There Is No Rose Without Thorns
Everything that goes up must come down. If it sounds too good to be true, it probably is. Never say never. Love all, trust few. All wise words easily interchangeable with this dicho. Their commonality, each warns us about making mistakes in judgment and in life. Yet regardless of how many times we hear these words, or others, we’re still bound to make mistakes.
Nobody can live life for us and rarely do we really learn from the mistakes of others.
It can’t happen to me, that’s their own fault, I’m not going to make that mistake, this is not the same thing – all excuses we use to rationalize our actions when that pesky little voice in the back of our head is warning us something is not right. A lot of times it’s just easier to ignore that queasy feeling. We occupy our time so we don’t have to think about it, and go on with our lives. The unfortunate fact of the matter is that sooner or later our mistakes will catch up to us.
Like an unwelcome and unexpected guest, our blunders will waltz into our lives, make themselves comfortable and refuse to leave until we properly deal with all of their ramifications. Of course the argument could be made that whatever doesn’t kill us only makes us stronger. And it does, but wouldn’t it be nice if we could have a radar of sorts that would tell us when we were about to make a mistake. That we could just push a button and avoid the error completely. Then we would be able to consciously decide whether we want to deal with the associated drama or not.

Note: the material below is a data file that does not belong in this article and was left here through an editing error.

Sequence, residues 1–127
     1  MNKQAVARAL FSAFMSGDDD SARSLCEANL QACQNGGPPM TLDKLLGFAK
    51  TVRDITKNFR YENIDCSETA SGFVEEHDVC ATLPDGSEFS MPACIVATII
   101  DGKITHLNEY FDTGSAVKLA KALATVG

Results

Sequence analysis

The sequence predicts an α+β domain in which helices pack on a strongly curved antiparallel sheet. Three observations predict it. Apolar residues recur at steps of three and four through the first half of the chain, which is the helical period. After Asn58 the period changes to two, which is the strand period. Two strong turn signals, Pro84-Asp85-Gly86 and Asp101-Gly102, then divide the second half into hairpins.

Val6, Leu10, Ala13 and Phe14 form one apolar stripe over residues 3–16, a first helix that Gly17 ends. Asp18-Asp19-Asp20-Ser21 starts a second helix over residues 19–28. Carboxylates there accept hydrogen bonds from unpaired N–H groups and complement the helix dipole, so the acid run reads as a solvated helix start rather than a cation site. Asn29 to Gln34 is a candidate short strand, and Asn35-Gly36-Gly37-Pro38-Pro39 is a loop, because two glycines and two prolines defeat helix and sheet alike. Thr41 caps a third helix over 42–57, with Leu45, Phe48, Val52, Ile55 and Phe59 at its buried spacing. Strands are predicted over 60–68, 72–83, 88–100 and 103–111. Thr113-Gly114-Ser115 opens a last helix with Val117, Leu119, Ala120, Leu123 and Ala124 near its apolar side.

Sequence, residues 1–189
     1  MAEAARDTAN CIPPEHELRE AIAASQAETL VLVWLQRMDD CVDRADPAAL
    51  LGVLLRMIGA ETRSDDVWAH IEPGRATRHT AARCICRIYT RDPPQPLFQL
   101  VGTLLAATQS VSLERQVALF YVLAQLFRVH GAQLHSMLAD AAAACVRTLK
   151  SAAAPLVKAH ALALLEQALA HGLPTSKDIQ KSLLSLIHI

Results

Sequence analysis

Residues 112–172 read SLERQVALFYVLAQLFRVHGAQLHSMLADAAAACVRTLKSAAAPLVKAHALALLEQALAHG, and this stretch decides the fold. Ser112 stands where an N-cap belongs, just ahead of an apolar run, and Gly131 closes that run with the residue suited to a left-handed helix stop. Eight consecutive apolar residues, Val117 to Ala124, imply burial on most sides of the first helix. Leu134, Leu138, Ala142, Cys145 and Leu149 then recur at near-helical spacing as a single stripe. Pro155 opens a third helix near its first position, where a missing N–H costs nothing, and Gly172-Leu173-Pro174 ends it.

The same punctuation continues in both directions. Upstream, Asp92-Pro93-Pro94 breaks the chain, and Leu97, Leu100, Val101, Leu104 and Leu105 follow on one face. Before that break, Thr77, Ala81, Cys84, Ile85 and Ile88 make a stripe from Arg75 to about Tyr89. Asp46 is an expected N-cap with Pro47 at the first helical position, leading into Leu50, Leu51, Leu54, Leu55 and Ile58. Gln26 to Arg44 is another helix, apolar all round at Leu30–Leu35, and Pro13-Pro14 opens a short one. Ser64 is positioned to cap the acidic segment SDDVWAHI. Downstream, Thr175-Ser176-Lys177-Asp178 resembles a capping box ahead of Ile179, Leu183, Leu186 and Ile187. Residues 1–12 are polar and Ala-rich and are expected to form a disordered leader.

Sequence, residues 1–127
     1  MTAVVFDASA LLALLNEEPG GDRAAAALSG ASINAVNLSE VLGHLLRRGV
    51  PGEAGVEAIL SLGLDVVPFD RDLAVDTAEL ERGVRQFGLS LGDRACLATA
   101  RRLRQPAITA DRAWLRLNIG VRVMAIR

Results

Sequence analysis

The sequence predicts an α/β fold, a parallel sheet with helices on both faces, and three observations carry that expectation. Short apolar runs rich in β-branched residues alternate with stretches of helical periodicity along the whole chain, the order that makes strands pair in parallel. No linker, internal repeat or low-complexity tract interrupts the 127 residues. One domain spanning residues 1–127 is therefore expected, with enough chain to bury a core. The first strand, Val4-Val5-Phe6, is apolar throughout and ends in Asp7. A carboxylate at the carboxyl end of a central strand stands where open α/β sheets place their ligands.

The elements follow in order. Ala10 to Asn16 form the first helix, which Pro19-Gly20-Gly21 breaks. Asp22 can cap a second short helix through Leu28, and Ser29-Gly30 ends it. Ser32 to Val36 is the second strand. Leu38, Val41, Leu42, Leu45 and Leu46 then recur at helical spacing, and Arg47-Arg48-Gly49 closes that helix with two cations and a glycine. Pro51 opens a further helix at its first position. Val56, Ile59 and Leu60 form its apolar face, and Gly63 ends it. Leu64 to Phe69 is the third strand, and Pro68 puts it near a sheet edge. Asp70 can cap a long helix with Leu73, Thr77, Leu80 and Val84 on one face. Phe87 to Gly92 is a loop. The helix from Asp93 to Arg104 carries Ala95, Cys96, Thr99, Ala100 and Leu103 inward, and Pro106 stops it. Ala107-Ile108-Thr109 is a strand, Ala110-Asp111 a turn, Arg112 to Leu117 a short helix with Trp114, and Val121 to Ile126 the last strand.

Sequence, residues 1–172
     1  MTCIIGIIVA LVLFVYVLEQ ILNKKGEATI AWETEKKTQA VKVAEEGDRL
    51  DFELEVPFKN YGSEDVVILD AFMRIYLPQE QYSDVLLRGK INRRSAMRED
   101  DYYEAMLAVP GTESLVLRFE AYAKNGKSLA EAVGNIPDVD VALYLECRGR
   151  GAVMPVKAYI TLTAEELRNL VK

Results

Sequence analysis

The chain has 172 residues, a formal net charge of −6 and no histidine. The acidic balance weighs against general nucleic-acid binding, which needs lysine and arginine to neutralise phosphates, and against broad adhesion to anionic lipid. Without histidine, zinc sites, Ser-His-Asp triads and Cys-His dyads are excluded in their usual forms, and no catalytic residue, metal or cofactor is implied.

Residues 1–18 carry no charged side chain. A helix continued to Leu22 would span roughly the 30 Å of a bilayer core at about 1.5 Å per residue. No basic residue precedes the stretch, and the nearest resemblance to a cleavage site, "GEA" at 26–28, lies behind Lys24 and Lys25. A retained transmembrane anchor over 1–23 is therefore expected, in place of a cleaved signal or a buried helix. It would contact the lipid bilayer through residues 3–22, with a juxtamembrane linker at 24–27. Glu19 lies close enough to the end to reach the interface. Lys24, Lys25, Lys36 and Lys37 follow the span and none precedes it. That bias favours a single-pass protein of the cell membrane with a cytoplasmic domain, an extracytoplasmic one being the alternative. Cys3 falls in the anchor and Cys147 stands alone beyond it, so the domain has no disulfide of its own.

Even better, as parents we’d have decision-making authority on our children’s mistakes, at least until they turned 25 or something. Wouldn’t that make life so much more peaceful!?
Parent: I know you are 21 and you want to go out for a drink and have sex, but I just don’t think you’re ready for all that.
Kid: But all my friends are doing it, and they even get to stay out past midnight.
Parent: Well you’re not your friends. I’m sorry…my answer is still no. I am hitting the anti-blunder button now and that’s that!
Kid: This is not fair…
Mr. Steve Wozniak and Mr. Bill Gates you’ve just been assigned a new project!
Until that happens we’ll have to settle for trying to be better listeners with ourselves – to not dismiss those butterflies in the stomach, or the whispers in our mind. That when we find that rose that captivates us like no other, we do not blind ourselves to the thorns that will undoubtedly line its stem.
And yes, using naivety and ignorance as an excuse eventually does get old.